APSNet Semi-Weekly Bulletin, January 18, 2007

Recommended Citation

"APSNet Semi-Weekly Bulletin, January 18, 2007", APSNet Semi-Weekly Bulletin, January 18, 2007, https://nautilus.org/apsnet/apsnet-for-20070118/

APSNet for 20070118

Austral Peace and Security Network (APSNet)

Twice weekly report from the Nautilus Institute at RMIT, Australia.

Thursday 18 January 2007

  1. Thousands of Papuans Displaced
  2. China and Taiwan in the South Pacific
  3. Over 34,000 Civilians Killed in Iraq in 2006, says UN Report
  4. Australian Soldiers Fired On in Baghdad
  5. Transforming the US Military: Implications for the Asia-Pacific
  6. Australia and Japan near Deal on Security
  7. Asia Steps Up Bird Flu Fight
  1. Thousands of Papuans Displaced, Say Clergy, Jennifer Macey, ABC, 2007-01-17 [transcript]

    Church leaders in Indonesia’s Papua Province are reporting that 5,000 people have been driven from their villages by Indonesian security forces. Reverend Benny Giay, of the Kingmi Protestant church says Indonesian security forces have occupied about 20 villages.

  2. China and Taiwan in the South Pacific: Diplomatic Chess Versus Political Rugby, Graeme Dobell, Policy Brief, Lowy Institute, January 2007

    The competition for diplomatic recognition between China and Taiwan is destabilising Island states in the South Pacific, making Pacific politics more corrupt and violent, and undermining Australia’s interests in the region.


  3. Over 34,000 Civilians Killed in Iraq in 2006, says UN Report on Rights Violations, UN News Centre, 2006-01-16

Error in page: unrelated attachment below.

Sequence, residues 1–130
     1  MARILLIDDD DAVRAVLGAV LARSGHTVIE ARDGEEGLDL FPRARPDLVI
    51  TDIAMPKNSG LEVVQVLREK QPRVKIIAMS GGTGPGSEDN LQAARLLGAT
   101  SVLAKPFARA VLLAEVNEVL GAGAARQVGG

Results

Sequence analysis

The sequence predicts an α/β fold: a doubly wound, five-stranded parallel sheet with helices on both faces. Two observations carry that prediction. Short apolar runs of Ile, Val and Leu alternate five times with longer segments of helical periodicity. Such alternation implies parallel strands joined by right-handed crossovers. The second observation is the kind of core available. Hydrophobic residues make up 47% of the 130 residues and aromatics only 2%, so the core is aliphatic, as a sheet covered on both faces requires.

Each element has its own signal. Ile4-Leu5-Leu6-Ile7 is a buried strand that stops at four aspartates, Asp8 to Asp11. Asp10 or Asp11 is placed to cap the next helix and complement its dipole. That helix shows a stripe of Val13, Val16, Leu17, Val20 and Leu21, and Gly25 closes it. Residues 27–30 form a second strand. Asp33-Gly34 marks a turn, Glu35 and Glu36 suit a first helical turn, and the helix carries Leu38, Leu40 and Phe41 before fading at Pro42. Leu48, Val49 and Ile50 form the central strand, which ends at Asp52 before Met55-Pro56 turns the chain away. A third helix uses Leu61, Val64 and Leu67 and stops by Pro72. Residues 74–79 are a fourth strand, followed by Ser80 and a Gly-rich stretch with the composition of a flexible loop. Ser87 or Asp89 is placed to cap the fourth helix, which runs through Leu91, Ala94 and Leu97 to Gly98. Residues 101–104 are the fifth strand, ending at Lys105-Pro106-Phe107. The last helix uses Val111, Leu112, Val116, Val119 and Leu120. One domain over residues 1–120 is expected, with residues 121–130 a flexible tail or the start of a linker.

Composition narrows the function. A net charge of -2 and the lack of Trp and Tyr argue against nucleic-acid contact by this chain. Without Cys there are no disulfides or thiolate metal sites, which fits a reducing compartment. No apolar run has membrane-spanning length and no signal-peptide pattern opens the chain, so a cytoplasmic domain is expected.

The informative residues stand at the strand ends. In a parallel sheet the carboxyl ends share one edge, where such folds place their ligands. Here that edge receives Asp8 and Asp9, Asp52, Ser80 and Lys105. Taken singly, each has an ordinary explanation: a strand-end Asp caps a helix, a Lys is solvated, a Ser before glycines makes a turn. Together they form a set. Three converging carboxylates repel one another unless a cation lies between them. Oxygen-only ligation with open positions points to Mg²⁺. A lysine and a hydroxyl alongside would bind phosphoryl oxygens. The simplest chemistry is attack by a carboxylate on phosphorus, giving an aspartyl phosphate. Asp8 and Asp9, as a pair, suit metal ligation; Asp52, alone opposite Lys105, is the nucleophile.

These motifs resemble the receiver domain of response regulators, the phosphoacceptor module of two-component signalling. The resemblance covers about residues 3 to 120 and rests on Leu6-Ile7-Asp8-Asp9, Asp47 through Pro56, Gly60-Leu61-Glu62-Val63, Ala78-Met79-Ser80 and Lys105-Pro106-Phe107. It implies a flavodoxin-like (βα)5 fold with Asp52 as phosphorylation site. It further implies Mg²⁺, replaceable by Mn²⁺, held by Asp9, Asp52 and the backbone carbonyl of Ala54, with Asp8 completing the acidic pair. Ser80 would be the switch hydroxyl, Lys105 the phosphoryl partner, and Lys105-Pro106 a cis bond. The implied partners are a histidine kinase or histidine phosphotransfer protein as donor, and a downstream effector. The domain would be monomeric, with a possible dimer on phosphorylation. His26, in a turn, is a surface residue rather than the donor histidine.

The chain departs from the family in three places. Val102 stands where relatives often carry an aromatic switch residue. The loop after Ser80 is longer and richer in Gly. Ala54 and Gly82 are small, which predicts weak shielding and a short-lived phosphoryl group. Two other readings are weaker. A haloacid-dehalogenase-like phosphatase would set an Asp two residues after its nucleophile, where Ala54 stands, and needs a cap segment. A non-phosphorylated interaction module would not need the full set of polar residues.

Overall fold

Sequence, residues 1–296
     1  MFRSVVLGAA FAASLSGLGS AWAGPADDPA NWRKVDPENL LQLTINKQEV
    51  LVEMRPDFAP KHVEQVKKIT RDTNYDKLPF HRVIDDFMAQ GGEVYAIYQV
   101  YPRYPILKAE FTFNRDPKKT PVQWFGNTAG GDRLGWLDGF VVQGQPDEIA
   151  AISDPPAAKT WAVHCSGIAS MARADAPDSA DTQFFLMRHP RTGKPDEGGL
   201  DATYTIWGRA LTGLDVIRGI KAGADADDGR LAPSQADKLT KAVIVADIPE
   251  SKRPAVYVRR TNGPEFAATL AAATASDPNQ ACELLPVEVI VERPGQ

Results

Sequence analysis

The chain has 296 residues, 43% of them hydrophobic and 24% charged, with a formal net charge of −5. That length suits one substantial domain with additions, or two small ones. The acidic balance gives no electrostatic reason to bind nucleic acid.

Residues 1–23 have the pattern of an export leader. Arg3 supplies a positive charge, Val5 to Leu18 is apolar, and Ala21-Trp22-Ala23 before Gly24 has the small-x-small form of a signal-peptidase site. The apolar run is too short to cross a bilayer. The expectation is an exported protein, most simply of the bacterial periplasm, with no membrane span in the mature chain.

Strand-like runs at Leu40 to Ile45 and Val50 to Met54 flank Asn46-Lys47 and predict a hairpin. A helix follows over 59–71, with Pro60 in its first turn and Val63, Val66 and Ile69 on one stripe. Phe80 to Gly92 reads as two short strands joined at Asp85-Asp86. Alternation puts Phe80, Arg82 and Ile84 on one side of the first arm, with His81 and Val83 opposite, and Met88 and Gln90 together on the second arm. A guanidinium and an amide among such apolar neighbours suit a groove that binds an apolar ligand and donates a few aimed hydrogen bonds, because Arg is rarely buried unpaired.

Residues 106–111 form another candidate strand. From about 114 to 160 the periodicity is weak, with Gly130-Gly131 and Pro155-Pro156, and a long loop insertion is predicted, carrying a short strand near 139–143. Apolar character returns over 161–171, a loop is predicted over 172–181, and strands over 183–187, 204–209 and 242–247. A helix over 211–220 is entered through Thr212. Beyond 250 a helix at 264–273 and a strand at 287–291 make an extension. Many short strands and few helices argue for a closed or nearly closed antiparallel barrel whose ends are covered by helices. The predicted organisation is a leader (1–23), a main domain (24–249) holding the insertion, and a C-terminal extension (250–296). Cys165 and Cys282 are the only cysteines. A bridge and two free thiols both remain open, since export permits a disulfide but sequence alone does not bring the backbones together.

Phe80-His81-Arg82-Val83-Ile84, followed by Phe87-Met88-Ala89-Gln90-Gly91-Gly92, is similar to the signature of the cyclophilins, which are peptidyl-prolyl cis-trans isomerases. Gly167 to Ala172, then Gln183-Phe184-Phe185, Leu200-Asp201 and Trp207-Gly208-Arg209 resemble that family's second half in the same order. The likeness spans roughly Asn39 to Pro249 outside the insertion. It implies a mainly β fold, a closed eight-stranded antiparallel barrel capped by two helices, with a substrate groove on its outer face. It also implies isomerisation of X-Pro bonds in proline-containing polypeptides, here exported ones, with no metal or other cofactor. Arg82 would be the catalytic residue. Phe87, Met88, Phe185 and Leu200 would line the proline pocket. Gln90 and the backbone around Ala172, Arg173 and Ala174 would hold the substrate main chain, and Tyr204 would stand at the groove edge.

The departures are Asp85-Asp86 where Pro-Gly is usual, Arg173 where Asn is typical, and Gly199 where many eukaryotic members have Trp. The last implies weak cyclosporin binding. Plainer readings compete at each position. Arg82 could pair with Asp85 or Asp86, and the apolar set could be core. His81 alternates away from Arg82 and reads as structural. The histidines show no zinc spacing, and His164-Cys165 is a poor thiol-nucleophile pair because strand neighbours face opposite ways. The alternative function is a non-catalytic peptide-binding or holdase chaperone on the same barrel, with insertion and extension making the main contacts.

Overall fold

Nearly 6,400 Iraqi civilians were killed in the November-December period, slightly less than in the preceding two months, as rampant and indiscriminate killings, sectarian violence, extra-judicial executions – and impunity for the perpetrators – continued virtually unchecked, according to the latest United Nations rights report.

  4. Australian Soldiers Fired On in Baghdad, Defence Media CPA 011/07, Defence Department, 2007-01-17

    An Australian patrol was fired on with rifles and machine guns while conducting a routine patrol in Baghdad. The patrol included three Australian Light Armoured Vehicles (ASLAV) and personnel from the Australian Security Detachment (SECDET). Australian personnel returned fire with machine guns and Steyr rifles. There are no reports of ACF casualties or injuries to bystanders.


  5. Transforming the US Military: Implications for the Asia-Pacific, ASPI*, 2006-12-12

    US defence transformation will affect a number of critical regional security concerns, such as alliance relationships and interoperability, regional competition and cooperation, and local force modernisation activities. US forces in the Asia-Pacific region are undergoing significant changes in terms of force structure, roles and missions and operating concepts, and the like. These are developments that countries like Australia should continue to monitor closely and to which they should react cautiously.
    * Subscription required.


  6. Australia and Japan near Deal on Security, John Kerin, AFR* 2007-01-17

    Australia and Japan are close to finalising a historic agreement on counter-terrorism and energy security co-operation, which could be unveiled as early as March. Australian government sources have confirmed that the agreement will cover areas such as counter- terrorism co-operation, military exercises and energy and food security, but will not be a full-blown treaty.
    * Subscription required.


  7. Asia Steps Up Bird Flu Fight, Al Jazeera, 2007-01-16

    South-East Asian officials have stepped up their fight against the deadly bird flu virus, as the disease spreads across the region. Indonesia will soon ban the raising of non-commercial fowl in residential areas to battle the H5N1 virus, which killed four people last week.

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